Dr Pepper Glazed Ham

Dr Pepper ham

Got family (or friends that are family) coming for a festive dinner?  Or just a Sunday cook up?  This ham is always moist, juicy and so delicious.  As much as the kids love chicken, when this is on the menu also, they return for more ham!

Ingredients

  • One 10-pound, bone-in smoked ham, skin removed and fat trimmed to 1/4 inch
  • 3 cups Dr Pepper (not diet)
  • 2 cups water
  • 1/2 cup pitted prunes
  • 1/3 cup yellow mustard
  • 1/3 cup light brown sugar
  • 2 tablespoons cider vinegar

1 1/2 teaspoons cornstarch mixed with 2 tablespoons of water

How to Make It

Step 1

Preheat the oven to 325° and position a rack in the bottom third of the oven. Set the smoked ham in a large roasting pan. Score a 1/4-inch-deep crosshatch pattern into the fat at 2-inch intervals. Pour 2 cups of the Dr Pepper and the 2 cups of water into the pan and roast the ham for about 2 1/2 hours, until an instant-read thermometer inserted in the thickest part of the ham registers 120°. Increase the oven temperature to 425°.

Step 2

Meanwhile, in a medium saucepan, simmer the prunes in the remaining 1 cup of Dr Pepper until they are plump and the liquid is slightly reduced, about 10 minutes. Using a slotted spoon, transfer the prunes to a small bowl and cover with plastic wrap. Whisk the mustard, brown sugar and vinegar into the liquid in the saucepan and boil until very thick and syrupy, about 5 minutes.

Step 3

Drizzle the syrupy glaze over the ham and roast until glossy, 20 minutes. Carefully transfer the ham to a cutting board.

Step 4

Pour the pan juices into the saucepan and spoon off the fat. Boil the sauce until reduced to 2 cups, 10 minutes. Whisk in the cornstarch slurry and the prunes and bring to a boil. Simmer the sauce until thickened, 2 minutes. Slice the ham and serve with the Dr Pepper sauce.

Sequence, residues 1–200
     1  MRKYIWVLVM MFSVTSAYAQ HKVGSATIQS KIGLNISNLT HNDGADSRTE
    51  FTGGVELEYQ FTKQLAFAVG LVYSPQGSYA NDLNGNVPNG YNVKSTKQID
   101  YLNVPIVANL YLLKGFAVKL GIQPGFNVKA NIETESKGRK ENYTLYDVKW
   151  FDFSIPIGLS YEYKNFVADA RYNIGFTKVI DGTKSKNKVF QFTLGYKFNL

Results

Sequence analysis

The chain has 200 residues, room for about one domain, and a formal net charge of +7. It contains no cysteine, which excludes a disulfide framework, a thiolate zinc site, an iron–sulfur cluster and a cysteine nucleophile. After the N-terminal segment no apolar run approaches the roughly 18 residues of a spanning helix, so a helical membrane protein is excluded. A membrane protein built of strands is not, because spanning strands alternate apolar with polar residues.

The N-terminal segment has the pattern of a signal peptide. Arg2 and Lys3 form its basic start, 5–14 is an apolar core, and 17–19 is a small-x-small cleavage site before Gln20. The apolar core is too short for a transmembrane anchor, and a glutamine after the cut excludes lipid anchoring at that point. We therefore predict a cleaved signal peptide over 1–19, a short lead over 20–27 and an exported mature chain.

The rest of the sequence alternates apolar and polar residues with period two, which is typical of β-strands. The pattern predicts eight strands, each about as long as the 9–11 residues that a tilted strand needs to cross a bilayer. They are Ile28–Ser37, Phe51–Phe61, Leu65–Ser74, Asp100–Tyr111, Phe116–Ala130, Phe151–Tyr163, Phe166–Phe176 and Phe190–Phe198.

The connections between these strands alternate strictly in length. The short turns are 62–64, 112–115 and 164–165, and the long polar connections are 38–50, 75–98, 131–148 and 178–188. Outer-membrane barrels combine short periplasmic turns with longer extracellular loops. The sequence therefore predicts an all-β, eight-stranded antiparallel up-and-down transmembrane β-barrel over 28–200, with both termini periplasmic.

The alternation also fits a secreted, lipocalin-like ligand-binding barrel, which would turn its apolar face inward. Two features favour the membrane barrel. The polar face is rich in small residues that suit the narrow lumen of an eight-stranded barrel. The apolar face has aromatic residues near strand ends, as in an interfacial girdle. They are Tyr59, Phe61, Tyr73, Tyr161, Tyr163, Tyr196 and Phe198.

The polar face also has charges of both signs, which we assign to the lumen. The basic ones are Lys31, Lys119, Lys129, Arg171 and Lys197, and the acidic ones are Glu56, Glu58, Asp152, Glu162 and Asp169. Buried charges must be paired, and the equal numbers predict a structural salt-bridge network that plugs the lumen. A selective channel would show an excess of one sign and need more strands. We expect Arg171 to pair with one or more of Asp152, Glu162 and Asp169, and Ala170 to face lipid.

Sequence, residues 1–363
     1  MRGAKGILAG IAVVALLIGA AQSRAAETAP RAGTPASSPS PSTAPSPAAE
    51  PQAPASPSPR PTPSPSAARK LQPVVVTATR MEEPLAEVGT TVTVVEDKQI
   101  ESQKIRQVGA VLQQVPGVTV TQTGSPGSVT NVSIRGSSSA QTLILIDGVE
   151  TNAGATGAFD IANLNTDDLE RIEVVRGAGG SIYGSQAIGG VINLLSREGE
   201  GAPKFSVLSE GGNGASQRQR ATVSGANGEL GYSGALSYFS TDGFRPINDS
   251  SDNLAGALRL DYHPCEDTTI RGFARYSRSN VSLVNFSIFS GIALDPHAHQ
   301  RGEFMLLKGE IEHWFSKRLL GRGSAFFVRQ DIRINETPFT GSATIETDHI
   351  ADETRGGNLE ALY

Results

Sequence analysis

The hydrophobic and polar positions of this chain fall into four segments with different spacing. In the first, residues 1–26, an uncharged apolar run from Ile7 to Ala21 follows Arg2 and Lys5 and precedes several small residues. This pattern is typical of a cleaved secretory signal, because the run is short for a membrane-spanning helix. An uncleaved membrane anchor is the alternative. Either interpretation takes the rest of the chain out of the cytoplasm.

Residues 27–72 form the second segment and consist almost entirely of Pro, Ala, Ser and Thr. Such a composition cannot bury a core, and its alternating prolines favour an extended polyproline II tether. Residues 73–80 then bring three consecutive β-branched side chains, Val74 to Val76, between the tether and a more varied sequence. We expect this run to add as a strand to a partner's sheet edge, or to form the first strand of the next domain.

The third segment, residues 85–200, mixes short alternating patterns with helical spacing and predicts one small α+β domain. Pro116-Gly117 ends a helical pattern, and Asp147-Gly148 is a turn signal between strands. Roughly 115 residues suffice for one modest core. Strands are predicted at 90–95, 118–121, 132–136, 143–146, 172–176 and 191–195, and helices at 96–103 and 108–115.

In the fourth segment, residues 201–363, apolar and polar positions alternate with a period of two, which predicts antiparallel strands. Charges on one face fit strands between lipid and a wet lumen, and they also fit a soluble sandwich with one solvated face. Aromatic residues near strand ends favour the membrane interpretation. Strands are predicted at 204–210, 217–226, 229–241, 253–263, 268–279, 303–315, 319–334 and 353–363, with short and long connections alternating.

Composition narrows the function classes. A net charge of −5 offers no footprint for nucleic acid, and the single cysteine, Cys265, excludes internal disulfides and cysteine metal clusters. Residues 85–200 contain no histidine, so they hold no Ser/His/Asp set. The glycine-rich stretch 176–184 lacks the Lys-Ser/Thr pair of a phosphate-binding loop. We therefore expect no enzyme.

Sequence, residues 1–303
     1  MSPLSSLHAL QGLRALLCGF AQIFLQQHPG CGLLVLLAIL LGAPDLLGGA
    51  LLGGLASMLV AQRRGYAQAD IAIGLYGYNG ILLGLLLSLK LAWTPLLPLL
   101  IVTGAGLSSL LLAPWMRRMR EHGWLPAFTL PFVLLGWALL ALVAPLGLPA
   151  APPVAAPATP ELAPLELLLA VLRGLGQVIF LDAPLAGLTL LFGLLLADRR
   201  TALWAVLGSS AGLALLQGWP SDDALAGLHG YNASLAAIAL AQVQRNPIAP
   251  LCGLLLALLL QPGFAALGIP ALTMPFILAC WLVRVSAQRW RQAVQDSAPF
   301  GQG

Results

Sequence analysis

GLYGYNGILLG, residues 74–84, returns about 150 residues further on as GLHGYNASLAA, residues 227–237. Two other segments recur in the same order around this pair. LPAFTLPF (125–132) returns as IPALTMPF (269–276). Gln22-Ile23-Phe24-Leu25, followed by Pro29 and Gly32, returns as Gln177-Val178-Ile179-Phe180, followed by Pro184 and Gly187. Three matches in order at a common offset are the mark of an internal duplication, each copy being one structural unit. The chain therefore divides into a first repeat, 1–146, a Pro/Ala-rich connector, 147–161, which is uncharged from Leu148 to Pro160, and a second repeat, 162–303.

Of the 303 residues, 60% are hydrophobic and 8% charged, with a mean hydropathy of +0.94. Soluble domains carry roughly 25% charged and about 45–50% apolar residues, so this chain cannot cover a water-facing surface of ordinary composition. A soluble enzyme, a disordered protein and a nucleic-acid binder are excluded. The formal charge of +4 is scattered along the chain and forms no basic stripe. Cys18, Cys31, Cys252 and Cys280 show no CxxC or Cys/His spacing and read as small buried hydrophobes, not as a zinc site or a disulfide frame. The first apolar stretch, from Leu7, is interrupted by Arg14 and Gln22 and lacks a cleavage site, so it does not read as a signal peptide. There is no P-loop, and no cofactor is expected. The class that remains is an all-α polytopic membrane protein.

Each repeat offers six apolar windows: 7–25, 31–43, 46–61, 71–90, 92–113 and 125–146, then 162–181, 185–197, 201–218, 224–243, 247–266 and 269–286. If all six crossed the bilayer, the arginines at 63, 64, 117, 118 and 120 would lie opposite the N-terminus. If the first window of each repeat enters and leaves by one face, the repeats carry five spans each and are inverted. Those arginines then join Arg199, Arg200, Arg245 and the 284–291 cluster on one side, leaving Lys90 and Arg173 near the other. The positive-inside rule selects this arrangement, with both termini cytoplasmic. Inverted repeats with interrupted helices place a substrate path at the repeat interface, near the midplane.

Note:  I have a mustard sauce I’ve been making for years, which I also make and combine it with this sauce …. that is the key to having lots of juicy, tasty sauce to drizzle over.

Kathy’s Mustard Sauce:

  1. 1/3 cup white vinegar
  2. 1/3 cup white sugar
  3. 1 tbsp dry mustard powder
  4. 1 tbsp butter
  5. 1 beaten egg, set aside.

In small sauce pan bring vinegar, sugar, mustard and butter to a boil.  Remove from heat and EVER SO SLOWLY drizzle into the beaten egg, whisking as you go.  When it is all incorporated, return to the heat and stir as it thickens.  Remove from heat, and stir into the Dr. Pepper sauce.

Dr Pepper ham 2

Another bonus to this recipe?  Today we had a smaller group so I bought a double smoked boneless ham and cooked it at 275 until the internal temperature was 120.  Carried on with the rest of the recipe, and it was perfect.

Years ago Rob and Mandy gave us a subscription for Food and Wine Magazine … this recipe is from those issues, and I know the ham is a fave in their home too!